The reverse of the note shows a top vignette of people in western clothing as if in a park. The reverse main vignette shows a train and a gate to a temple.

A series of banknotes issued by the Farmers Bank of China is another set of banknotes that I’ve found to be particularly appealing in their depiction of agricultural scenes. The quaint vignettes of these notes offer a historical, romantic view of older farming techniques, most of which are now accomplished with machinery.

The pattern is drawn from the 雍正耕织图 “Yong Zheng weaving”, which shows Emperor Yong Zheng within the scenes in ancient Chinese agriculture. In that time the status of an industrial farmer was considered most noble.

China 20 Cents Farmers Bank – 1937 Twenty cents small change note issued in 1937 depicting rice harvesting.
China 10 Cents Farmers Bank – 1937 Back 10 Cents small change note issued in 1937 showing farmers relaxing by animal pens.
China 1 Yuan Farmers Bank – 1935 1 Yuan banknote issued in 1935 with rice harvesters, laborers and children playing.
China 5 Yuan Farmers Bank – 1935 5 Yuan banknote from 1935 illustrating wheat thrashing, separating chaff, picnicking and raising children.
China 10 Yuan Farmers Bank – 1935 A 10 Yuan banknote from 1935 with an overseer directing the construction of a humongous hay bale, separating chaff from wheat, laborers, and a household scene with mother and child. All this going on while a man tries his best to keep the efforts of their hard work from being consumed by two birds.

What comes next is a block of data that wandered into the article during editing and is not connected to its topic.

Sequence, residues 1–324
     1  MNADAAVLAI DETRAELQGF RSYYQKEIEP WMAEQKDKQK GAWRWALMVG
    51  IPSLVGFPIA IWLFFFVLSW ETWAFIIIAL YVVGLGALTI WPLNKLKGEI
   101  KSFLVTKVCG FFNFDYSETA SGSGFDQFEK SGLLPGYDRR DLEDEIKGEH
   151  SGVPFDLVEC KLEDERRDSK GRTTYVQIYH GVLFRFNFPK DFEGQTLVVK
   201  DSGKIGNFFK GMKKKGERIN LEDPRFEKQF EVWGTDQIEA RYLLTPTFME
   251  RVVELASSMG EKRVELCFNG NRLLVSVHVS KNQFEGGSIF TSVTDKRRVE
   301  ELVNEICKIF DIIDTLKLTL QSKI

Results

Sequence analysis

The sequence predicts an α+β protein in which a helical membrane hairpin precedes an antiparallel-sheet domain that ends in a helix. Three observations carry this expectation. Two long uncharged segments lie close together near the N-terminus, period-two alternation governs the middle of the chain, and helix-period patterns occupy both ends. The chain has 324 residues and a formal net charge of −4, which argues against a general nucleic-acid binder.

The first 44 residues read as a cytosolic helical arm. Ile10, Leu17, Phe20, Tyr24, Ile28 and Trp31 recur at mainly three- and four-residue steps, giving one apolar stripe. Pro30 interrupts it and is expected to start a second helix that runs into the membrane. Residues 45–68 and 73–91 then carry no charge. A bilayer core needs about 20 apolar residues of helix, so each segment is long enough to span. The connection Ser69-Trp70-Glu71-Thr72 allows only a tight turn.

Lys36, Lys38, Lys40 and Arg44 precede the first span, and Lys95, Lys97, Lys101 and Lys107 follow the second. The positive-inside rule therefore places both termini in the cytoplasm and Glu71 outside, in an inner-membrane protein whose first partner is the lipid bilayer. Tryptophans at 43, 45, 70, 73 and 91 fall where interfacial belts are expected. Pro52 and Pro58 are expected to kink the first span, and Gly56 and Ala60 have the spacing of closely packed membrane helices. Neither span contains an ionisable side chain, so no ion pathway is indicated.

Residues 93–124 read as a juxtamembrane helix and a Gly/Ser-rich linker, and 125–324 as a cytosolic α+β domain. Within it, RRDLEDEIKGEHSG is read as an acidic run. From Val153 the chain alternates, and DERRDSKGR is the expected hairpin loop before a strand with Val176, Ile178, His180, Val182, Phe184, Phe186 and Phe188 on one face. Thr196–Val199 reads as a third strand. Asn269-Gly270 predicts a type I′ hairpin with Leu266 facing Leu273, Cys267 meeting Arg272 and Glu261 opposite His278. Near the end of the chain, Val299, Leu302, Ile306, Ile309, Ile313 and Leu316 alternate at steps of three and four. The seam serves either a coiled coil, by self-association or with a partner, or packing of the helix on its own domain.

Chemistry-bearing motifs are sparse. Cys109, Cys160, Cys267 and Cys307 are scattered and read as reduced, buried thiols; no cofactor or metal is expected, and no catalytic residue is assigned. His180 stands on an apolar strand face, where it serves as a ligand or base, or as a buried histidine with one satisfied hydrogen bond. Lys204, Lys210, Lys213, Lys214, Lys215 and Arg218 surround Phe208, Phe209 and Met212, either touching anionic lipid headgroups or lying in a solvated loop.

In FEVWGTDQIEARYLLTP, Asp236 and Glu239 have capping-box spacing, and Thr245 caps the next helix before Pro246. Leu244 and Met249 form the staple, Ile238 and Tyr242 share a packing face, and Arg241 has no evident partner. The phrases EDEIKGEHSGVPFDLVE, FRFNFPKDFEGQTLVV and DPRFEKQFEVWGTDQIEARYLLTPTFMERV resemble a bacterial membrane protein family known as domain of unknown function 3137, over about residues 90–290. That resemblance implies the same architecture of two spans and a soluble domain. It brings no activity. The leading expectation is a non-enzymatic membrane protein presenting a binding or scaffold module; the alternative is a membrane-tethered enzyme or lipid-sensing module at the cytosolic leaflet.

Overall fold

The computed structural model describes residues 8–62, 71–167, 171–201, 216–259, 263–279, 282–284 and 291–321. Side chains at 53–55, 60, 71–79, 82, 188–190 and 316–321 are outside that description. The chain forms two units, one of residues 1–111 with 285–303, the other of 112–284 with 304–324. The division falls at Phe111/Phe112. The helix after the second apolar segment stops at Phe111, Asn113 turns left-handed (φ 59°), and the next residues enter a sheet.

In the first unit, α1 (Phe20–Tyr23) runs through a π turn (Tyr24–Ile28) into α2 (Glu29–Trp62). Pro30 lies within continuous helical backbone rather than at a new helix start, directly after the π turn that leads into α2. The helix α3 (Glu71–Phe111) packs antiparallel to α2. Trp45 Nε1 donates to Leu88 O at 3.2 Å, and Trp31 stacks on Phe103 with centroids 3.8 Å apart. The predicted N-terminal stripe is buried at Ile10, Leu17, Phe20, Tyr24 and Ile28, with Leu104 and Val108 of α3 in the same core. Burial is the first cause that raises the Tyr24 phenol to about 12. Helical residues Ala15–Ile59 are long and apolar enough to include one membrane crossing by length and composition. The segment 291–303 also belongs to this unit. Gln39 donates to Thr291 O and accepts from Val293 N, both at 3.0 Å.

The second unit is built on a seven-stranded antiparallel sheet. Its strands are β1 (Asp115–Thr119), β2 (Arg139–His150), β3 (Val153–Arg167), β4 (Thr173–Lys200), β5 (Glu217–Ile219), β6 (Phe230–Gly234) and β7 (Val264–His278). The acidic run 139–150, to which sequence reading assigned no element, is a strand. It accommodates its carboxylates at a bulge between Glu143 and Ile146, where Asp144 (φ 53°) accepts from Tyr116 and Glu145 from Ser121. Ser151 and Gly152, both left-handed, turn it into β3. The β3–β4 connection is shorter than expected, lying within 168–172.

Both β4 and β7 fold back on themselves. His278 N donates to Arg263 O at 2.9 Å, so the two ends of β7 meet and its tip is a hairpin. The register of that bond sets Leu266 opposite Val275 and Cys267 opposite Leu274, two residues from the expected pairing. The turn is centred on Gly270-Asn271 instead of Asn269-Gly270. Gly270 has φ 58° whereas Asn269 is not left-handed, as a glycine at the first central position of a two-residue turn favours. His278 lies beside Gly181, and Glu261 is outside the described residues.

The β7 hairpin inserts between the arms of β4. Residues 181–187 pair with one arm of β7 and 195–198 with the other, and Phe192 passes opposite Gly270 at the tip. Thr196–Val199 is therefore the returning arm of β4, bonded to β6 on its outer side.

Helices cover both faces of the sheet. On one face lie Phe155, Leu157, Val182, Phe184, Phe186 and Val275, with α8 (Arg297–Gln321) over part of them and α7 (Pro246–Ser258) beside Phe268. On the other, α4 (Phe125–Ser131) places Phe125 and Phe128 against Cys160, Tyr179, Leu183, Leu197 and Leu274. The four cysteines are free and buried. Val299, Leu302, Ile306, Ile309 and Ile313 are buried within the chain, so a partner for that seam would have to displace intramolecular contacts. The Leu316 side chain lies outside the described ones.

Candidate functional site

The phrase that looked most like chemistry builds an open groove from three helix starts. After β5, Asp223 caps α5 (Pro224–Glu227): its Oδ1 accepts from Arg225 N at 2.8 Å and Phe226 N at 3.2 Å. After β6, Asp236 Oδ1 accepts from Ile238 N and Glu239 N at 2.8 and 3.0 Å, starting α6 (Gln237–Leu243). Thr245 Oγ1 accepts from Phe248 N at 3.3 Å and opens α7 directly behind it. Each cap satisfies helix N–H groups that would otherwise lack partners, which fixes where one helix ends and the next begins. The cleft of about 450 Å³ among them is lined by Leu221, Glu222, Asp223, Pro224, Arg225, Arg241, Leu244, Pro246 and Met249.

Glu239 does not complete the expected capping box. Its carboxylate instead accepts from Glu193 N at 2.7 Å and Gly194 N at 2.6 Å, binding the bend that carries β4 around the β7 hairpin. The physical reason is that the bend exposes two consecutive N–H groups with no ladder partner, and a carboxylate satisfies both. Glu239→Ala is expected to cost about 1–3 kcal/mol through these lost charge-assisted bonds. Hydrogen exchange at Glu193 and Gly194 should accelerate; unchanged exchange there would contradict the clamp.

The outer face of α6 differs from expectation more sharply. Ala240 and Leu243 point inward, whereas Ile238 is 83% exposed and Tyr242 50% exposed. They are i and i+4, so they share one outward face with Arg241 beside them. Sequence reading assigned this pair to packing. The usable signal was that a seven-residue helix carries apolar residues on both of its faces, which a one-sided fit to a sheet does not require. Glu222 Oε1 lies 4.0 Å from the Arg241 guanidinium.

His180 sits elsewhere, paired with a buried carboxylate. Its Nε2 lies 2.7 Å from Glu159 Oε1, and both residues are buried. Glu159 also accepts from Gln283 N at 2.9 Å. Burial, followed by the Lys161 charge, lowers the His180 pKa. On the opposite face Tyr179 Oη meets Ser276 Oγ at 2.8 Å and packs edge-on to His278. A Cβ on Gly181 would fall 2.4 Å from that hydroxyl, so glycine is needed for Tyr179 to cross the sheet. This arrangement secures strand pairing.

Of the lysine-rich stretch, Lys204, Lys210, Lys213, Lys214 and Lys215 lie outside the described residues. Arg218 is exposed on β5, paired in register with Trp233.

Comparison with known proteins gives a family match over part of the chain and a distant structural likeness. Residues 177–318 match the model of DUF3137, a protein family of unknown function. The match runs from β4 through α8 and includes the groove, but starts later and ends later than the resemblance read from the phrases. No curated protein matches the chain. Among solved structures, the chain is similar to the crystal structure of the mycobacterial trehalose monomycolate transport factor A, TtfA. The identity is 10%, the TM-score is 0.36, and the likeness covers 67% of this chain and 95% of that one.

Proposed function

China 10 Yuan Farmers Bank – 1940 A 10 Yuan note from 1940 with a simple vignette of a man irrigating his crops.

China 1 Yuan Central Bank – 1936

Above is a 1 Yuan note from 1936 depicting an older type of transportation. This note was printed by the Zhonghua Book Company. The reverse image actually comes from Jining, Shandong On Ziyun Mountain. Constructed in the first year of Emperor Huan of the Han Dynasty (147AD), it was originally called the “Wuliang Portrait” after the Wuliang Temple,

Confucius is depicted conversing with a young child on the reverse vignette of this note. This vignette relates an interesting story about Confucius being taught a lesson by a child named Xiang Tuo (Shang Too-o). It seems that one fine day while Confucius was out riding his chariots with his followers, he encountered a child playing in the middle of a road. The chariots stopped and Confucius saw that the child was making a sand castle, and ordered the boy to move aside.

The child, Xiang, was precocious and said back to Confucius: “When does a castle make way for a chariot? All the while, chariots must go around the castle to get to the other side.”

Confucius was amazed at the child’s reply and, perhaps feeling a bit challenged, asked the child a few more questions.

Confucius asked “Which mountain has no rock?”
Xaing answered “A sand mountain.”

“Which body of water has no fish.”
“Water in a well has no fish in it.”

“Which cow does not give birth?”
“A cow made of mud.”

“What type of man has no wife?”
“An angel has no wife.”

“What kind of woman has no husband?”
“A fairy has no husband.”

“Which city has no government officers?”
“An empty castle.”

Confucius was reported to be amazed at how this young child of 7 years age could be so wise. He decided to test the child further by playing a gambling game with him. The young Xiang refused and said: “A king who gambles will lead his kingdom into ruin. A farmer who gambles will lose his harvest. A student who gambles ignores his studies. I do not gamble. It is a useless activity – why should I learn?”

At this Confucius declared that the child was correct and that the young Xiang Luo was his teacher. He told his followers that even among three people, there will be a teacher, and that they must not be afraid to ask.